Critical peace research

Is climate change the trigger for violent conflict?

with the author: Hovstein Kviseth

Halvard Buhag is Norway's leading peace researcher with climate as its main theme. He points out that Norway is on professionally insecure ground when "climate and security" is given such a high priority in the Security Council. He points out that there is great agreement among researchers that climate change is not a decisive cause of war and conflict. The basic causes of armed conflict in the Sahel, for example, are not climate change, but misgovernment, corruption, Islamist radicalization and mafia activity, in Buhaug's opinion. He also points out that Norway risks blurring the real causes of conflict by prioritizing climate change so highly in the Security Council's work (PRIO webinar 7.4.21).

Also with regard to climate change as a trigger for violent conflict, peace research seems reasonably clear. Of 14 studies in the field, published between 2009 and 2019, all but one conclude with «no causal relationship or no direct relationship», «weak causal relationship or limited context», «too little robust evidence to conclude», or «little effect compared to other causal explanations ». Only 1 of the 14 studies concludes that climate change is a clear cause of outbreaks of violent conflict (Oxford Climate Society webinar 9.11.20: Does climate cause conflict). The UN Climate Panel's special report for the 1,5 degree target is also clear that there is no such causal link. The Climate Panel concludes that the literature on the relationship between climate change, migration and conflict rather shows inconsistent relations (IPCC: «Global warming of 1,5 C», 2018). This means that there is no professional basis for claiming a causal connection.

In the Security Council, Norway states that 12 of the 20 countries that are most vulnerable to climate change are also in violent conflict. Therefore, Norway will invest in these countries' ability to adapt to climate change, as this will reduce their risk. This argument could also be presented in the opposite direction, so that one invests in conflict management to increase society's ability to adapt to climate change. A connection similar to that between climate vulnerability and conflict is also found when vulnerability to climate change is replaced by development. Correspondingly, it can then be argued that investing in achieving the sustainability goals will contribute to less violent conflict.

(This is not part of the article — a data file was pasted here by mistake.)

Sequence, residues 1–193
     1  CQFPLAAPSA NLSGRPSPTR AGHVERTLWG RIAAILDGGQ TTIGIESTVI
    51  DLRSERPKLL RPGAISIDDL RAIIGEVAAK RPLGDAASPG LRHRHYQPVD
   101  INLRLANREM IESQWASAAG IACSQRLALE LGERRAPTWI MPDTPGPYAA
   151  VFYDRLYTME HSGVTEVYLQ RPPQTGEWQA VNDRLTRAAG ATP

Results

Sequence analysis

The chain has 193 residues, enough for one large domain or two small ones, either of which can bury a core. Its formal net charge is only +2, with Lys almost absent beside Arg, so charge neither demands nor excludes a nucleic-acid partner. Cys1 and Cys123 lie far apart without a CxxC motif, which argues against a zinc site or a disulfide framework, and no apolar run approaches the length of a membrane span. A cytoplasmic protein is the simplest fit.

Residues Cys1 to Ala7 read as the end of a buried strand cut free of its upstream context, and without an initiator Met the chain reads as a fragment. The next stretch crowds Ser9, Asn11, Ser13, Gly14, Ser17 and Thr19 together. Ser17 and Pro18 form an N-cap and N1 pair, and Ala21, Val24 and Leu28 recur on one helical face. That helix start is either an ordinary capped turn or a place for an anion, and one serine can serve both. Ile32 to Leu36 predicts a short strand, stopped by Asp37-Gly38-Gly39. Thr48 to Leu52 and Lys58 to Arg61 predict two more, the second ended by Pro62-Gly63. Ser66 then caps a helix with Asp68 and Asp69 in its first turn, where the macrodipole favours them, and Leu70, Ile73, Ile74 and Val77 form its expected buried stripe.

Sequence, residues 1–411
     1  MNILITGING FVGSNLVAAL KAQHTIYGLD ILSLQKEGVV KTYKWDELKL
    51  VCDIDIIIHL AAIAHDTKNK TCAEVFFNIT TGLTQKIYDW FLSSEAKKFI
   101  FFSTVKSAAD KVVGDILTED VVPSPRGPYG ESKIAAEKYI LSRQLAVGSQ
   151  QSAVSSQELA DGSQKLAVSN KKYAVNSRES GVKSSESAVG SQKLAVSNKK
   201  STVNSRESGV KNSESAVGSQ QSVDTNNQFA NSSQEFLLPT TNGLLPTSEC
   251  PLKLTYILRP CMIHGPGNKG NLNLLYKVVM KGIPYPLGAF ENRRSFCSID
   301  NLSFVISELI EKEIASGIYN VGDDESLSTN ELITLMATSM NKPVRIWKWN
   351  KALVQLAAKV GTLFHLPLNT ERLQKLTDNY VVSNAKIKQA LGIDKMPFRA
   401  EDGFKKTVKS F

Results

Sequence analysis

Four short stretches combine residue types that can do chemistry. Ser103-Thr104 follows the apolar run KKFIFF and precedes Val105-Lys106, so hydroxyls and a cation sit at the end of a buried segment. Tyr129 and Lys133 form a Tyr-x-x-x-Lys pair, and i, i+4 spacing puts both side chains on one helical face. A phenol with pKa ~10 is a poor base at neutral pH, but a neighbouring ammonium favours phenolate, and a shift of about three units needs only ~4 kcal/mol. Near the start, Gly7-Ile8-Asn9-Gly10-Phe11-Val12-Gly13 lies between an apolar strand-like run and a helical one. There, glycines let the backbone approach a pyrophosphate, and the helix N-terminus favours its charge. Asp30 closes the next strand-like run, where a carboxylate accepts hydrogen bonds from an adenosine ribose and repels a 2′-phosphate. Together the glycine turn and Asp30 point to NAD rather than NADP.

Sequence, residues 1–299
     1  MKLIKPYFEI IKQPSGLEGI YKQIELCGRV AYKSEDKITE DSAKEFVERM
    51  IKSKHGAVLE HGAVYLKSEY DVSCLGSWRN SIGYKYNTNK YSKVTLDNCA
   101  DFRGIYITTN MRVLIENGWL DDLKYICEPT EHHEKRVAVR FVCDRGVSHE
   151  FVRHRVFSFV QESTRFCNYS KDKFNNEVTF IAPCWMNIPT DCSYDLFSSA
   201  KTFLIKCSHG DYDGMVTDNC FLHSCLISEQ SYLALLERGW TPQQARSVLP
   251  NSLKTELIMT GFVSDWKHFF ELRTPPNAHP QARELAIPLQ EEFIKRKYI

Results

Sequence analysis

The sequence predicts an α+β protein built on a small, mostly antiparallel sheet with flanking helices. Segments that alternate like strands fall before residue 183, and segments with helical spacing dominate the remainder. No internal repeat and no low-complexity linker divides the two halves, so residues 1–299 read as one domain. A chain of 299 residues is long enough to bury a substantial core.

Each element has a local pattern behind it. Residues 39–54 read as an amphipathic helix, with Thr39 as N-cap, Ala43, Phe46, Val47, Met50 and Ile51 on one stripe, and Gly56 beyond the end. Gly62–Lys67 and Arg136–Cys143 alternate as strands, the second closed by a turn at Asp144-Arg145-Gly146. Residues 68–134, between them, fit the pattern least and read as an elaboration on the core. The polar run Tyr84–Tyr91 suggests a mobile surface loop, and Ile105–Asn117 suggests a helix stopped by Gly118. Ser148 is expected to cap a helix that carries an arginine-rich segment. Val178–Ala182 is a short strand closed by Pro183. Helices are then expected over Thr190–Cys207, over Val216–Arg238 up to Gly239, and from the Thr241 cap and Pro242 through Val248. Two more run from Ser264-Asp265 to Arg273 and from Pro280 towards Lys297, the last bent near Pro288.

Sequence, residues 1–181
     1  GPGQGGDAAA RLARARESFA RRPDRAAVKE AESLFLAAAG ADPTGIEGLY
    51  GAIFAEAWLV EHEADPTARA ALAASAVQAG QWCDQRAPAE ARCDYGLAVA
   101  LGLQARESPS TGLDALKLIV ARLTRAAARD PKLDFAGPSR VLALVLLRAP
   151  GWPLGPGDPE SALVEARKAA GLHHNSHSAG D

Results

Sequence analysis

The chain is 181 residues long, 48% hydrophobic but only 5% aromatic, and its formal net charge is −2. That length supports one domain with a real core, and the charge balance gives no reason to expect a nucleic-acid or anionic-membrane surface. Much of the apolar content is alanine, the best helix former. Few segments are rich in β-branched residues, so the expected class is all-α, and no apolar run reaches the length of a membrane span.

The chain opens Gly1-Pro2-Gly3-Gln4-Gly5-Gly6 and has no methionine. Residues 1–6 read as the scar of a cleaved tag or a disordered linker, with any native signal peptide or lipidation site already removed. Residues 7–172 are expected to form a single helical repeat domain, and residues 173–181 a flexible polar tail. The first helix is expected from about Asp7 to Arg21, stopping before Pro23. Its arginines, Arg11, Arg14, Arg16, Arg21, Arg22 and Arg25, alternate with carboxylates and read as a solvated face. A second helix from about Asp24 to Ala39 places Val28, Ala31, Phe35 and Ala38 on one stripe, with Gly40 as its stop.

When Norway uses its voice in the Security Council to emphasize that our first-line defense is a climate cut, and that this must begin with the implementation of the Paris Agreement, this cannot be considered a particularly effective peace policy. The agenda for "climate and security" can thus override other peace policy approaches in the Security Council.

Conflict amplifies the negative effects

Norway's voice for "climate and security" also has elements that peace research supports. As is well known, the world is not entirely black and white.

One of the most important things is that war is a development in reverse. When countries threatened by climate change end up in violent conflict, their capacity for much-needed climate adaptation is also reduced. Conflict thus reinforces the negative effects of climate change, especially in the most vulnerable states, as Norway has put it in the Security Council. Does climate change undermine the ability to deal with conflict, or does armed conflict make societies more vulnerable to climate change? Such negative spirals are very real.

Although research in the field indicates that causes other than climate are more important in explaining outbreaks of conflict, this does not mean that climate change cannot be relevant underlying causes. On the contrary, it is very likely that many of the triggering causes of war are affected by climate change, but then in an indirect way. An academic article that addresses the views of social scientists on the causes of armed conflict,[1] shows that the vast majority say low socio-economic development, weak states, inequality, experience of violent conflict, dependence on natural resources and economic and political shocks are far more important than climate change. But climate change can of course also contribute to the causes mentioned here. The Norwegian position is thus that climate change must be recognized as an underlying cause of conflict, which is also not controversial to advocate in peace research.

Research in the field also seems to support that climate and conflict are linked in other ways. One element is that climate change can increase the risk of war breaking out in societies that already have a high risk of violent conflict. Furthermore, climate change may contribute to exacerbating the effects of violent conflict. War also contributes to increasing society's vulnerability to climate change. It may also appear that climate change is contributing to growing inequality between rich and poor societies in the world, which in turn is driving conflict.

The basic connection between climate and conflict, however, consists in the fact that conflict contributes to increased climate security, while climate security can in turn increase the risk of conflict. If one thus only looks at the connection with peace policy glasses, it gives the following conclusion: If peacebuilding is our goal, climate policy is in itself ineffective. If, on the other hand, resilience to a changing climate is the goal, peacebuilding is absolutely essential. By bringing this out in a clear manner, Norway will also be able to contribute more effectively to peacebuilding through its membership of the Security Council.

[1]   Katharine J. Mach et. al: "Climate as a risk factor for armed conflict", published in Nature, 2019.

 

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